Last summer, we had so much basil we didn’t know what to do with it. We literally couldn’t eat the stuff fast enough.
This summer, it’s been slim pickin’s.
Last summer, we made fresh pesto all the time, including a massive batch to freeze at the end, which made for some perfect weeknight meals all winter long. This summer, we didn’t make it once.
Since fall is here and the basil is on its way out, we decided to pilage the plant yesterday and have ourselves one good dinner of our favorite pesto meal: linguine with pesto, potatoes and green beans.
When I tell people about this meal, they’re always surprised at the idea of putting potatoes in a pasta dish. But it wasn’t one of my dumb ideas; it’s actually a classic Italian dish. Open any Italian cookbook and you’re almost certain to find it.
The recipes all vary a little bit. Some use pine nuts, some use walnuts; some use parmesan cheese, some include some pecorino. And proportions are always different. But none of this matters. They’re all freaking awesome.
This dish happens to be one of my very favorite recipes for marathon training, because it has a lot of carbohydrates, and if you want (I don’t) you can boost the protein content by using Barilla Plus pasta. It’s actually the meal Erin and I chose to eat last year for dinner the night before we ran the Baltimore Marathon, even before we were vegetarians.
If you’ve never made fresh pesto and you’ve only had it in restaurants or from a jar, you really owe it to yourself to try it. I was never much of a pesto fan until I made it myself (with gnocchi, I think). The fresh, bright flavors in homemade pesto make it a completely different experience from what you get elsewhere. Do it soon, before the basil has to be shipped in from far away!
Here’s the recipe we used last night. We made it in a processor, since that approach takes about two minutes. I’m sure mortar and pestle would be good, just not on a Wednesday. And again, feel free to adjust the quantities a bit; it’s really not a science.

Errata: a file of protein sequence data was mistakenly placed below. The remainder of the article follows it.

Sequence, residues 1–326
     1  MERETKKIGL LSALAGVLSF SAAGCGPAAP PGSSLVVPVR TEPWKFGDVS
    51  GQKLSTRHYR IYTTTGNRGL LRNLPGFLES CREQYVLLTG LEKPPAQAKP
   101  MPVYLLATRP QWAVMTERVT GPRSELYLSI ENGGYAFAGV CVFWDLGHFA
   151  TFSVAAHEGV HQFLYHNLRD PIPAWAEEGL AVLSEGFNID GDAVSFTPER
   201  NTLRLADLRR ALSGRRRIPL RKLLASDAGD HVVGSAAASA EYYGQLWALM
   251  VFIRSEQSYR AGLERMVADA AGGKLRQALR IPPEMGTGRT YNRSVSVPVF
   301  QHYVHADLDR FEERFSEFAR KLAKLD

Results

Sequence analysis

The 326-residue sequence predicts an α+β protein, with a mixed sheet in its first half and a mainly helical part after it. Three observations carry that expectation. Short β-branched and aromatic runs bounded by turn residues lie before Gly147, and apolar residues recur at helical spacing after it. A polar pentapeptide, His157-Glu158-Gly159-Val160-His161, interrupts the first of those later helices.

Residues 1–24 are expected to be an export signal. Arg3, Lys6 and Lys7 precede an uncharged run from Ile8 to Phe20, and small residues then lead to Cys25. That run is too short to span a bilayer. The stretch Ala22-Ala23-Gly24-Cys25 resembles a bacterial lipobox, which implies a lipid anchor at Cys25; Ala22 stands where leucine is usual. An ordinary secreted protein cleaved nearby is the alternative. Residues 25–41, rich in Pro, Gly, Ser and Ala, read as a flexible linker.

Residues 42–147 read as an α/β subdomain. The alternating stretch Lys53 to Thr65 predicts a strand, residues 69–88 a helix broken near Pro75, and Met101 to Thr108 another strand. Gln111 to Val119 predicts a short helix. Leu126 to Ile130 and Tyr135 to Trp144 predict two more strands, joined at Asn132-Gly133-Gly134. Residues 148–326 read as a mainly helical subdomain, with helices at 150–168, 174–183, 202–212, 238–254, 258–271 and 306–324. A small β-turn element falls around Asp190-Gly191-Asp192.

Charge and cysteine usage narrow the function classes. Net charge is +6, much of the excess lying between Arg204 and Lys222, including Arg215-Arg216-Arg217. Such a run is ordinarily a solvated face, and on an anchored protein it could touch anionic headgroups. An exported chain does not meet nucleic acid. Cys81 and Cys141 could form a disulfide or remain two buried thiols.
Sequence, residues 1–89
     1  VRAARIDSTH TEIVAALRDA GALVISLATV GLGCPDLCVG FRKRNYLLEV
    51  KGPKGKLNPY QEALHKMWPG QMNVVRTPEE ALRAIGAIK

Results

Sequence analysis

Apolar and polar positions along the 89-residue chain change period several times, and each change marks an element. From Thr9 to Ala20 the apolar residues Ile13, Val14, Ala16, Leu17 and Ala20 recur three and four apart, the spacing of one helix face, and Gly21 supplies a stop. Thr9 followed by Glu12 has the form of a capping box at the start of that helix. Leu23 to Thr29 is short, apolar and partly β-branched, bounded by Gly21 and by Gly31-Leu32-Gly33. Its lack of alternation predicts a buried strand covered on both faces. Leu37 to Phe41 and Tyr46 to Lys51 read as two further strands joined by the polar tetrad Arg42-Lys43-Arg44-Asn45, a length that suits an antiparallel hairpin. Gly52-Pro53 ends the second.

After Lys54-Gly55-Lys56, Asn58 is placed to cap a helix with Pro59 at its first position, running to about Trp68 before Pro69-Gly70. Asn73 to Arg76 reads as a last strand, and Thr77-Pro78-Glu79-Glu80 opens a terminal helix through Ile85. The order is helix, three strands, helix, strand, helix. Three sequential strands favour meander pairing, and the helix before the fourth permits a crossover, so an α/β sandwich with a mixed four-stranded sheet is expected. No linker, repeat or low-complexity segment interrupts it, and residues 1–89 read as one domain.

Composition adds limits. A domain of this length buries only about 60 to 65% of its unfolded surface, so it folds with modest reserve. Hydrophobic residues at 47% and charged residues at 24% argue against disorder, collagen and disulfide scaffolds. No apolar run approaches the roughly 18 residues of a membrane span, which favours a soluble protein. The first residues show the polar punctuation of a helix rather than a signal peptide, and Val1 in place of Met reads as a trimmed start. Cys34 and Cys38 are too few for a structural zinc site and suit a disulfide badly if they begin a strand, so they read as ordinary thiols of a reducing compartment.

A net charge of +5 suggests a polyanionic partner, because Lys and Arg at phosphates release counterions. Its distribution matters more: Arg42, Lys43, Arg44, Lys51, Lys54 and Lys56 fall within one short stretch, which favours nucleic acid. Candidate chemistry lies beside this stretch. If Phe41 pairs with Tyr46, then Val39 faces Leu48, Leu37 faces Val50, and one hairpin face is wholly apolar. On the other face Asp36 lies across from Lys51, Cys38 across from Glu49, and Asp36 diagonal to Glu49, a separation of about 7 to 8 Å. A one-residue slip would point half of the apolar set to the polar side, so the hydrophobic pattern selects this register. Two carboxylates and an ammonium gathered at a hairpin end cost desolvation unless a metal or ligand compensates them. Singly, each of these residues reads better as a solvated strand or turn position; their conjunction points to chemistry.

For a different kind of pesto, check out the arugula-walnut version.
Pasta with Pesto, Potatoes and Green Beans
Ingredients (for the pesto):
- 2 cups fresh basil
- 1 clove garlic, peeled
- 1/2 cup good-quality olive oil (I wouldn’t sub canola oil in this one)
- 1/4 cup walnuts or pine nuts, optionally toasted
- 1/4 cup grated parmesan cheese (please, not the green can!)
- 1 Tbsp milk or cream (I actually used almond milk)
To make the pesto: Combine basil, nuts, garlic, and a pinch of salt in a food processor. Pulse until it’s a coarse paste. With the machine running, drizzle in olive oil and let it process until the mixture is relatively smooth. Add grated cheese and process once more to incorporate. Adjust taste with salt. Before adding to the pasta, stir in the cream or milk to loosen it a bit.
Ingredients (for the pasta):
- 1 lb whole wheat pasta
- 4 or 5 medium-small boiling potatoes, peeled and cut into 1-inch chunks
- 1 cup green beans, trimmed and cut into one-inch lengths
- 1 pesto recipe, above
Place the potatoes in a large pot (you’ll be using it for the pasta, too) and fill with as much water as you’d use to make pasta. The potatoes should be covered with a few inches of water. Generously salt the water, then bring to a boil. When the potatoes are close to being tender (usually takes around 8-10 minutes), add the green beans and allow them to cook. When the green beans and potatoes are tender, remove them with a slotted spoon and transfer to a separate bowl. Cover with foil to keep warm. Put the pasta in the boiling water and cook until al dente.
Place the pasta, potatoes, and green beans in a large bowl. Mix in the pesto to coat everything. Serve with more parmesan cheese, salt, and pepper to taste.
Vegan Supplements: Which Ones Do You Need?
Written by Matt Frazier
I’m here with a message that, without a doubt, isn’t going to make me the most popular guy at the vegan potluck.
But it’s one I believe is absolutely critical to the long term health of our movement, and that’s why I’m committed to sharing it. Here goes…
Vegans need more than just B12.
Sure, Vitamin B12 might be the only supplement required by vegans in order to survive. But if you’re anything like me, you’re interested in much more than survival — you want to thrive.
So what else do vegans need?